If you have a custom recovery installed on your Android device, the first thing you should have done as soon as you finished installing it was to create a Nandroid backup. But if you didn't, I'm not here to judge—I'm here to show you a much easier way.
Alright, I'll admit it, iOS can be quite nice. Android loyalist that I may be, I'm not so stubborn that I can't recognize a good thing when I see it. Apple's iOS has a lot of strengths, and our Nexus 4s, god bless 'em, are growing a little long in the tooth.
Google has already issued a few updates to Android 7.0 Nougat. There aren't many headlining features, as these minor updates are mostly bug fixes and performance improvements. But there's a few security enhancements as well, so staying up-to-date with the latest patches is important for a number of reasons.
On-screen navigation buttons offer many distinct advantages over physical buttons—they can change orientation along with your device, they're capable of visually morphing to indicate secondary functionality, and the user experience is more consistent when buttons and app elements require the same amount of force to press. Add to that the fact that they're far less likely to fail and can be themed or even switched out altogether, and it's hard to come up with an argument in favor of physical b...
All Android web browsers are not created equal. Some, like Chrome, have slick interfaces and quick rendering, but are not very robust. Others, like Firefox, boast tons of functionality and support add-ons, but are lacking in the interface department and could use a boost in performance.
When theming Android, it's the little touches that complete the look, making your device yours. If you're rooted, you probably know by now that there's virtually nothing you can't change the look of on Android.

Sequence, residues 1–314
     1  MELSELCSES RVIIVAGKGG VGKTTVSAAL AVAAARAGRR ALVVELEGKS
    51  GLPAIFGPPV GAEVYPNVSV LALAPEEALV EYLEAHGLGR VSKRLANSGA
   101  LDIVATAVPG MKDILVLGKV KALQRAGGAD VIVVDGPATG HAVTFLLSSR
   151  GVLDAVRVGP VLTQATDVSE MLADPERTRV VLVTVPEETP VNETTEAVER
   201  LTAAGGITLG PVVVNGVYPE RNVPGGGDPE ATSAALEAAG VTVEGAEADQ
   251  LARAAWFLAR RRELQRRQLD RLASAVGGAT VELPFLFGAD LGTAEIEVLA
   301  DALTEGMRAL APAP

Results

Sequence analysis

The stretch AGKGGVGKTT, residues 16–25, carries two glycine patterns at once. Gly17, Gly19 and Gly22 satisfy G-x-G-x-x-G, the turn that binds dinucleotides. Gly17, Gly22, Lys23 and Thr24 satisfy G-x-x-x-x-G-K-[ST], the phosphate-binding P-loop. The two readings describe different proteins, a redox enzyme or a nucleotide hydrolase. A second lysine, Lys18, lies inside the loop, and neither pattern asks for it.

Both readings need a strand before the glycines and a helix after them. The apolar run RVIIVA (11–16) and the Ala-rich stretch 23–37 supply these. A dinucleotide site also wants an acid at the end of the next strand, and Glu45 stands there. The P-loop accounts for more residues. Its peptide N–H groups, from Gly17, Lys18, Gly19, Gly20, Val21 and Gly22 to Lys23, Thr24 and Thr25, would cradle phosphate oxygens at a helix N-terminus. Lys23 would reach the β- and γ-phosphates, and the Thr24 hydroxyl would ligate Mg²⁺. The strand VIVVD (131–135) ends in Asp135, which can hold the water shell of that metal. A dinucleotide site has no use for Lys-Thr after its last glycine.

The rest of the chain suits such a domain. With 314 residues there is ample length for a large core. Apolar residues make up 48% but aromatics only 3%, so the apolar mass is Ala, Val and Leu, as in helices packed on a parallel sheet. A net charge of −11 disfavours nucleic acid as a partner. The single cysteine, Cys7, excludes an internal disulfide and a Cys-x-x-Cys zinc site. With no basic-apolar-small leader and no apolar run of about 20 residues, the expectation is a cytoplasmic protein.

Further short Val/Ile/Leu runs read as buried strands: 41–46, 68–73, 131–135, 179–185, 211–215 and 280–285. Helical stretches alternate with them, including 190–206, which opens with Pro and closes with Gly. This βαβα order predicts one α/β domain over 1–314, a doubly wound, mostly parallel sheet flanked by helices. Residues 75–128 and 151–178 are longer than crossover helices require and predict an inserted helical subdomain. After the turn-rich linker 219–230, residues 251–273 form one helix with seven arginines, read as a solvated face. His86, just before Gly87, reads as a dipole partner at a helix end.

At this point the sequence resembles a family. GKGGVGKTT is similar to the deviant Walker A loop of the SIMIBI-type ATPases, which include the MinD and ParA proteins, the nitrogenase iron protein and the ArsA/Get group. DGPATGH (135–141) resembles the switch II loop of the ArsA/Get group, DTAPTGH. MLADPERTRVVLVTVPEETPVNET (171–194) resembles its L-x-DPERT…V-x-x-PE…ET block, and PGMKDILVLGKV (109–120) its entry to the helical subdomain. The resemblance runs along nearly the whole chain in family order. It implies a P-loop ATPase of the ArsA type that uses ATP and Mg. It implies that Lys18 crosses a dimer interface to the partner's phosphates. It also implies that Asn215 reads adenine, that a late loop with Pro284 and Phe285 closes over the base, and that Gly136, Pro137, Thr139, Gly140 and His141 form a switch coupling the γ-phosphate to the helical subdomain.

You know what's awesome? You own a Nexus. That means, with Google's blessing, you have easier access and control over your device than other manufacturers allow. You can really dig in and do some interesting things if you root.
Deep down at the core of Android lies the system kernel, which serves as a bridge between software and hardware. Custom kernels can be installed in place of the stock offering, and these are generally optimized for better performance or increased battery efficiency.
According to T-Mobile's website, an Android version bump is due out today. While details of specific changes are sparse, the support documentation for Nexus devices very clearly notes a release date of June 2nd for the software. Sprint may have jumped the gun with its own outing of a 4.4.3 update about a month ago, but all indications point towards today's date marking the beginning of a staged-rollout from Google.
Losing important data is the modern-day equivalent of misplacing your wallet or keys. We have tons of vital information stored in our digital worlds, and losing any of it can be devastating. But if you've accidentally deleted something important from your Android device, there's still hope.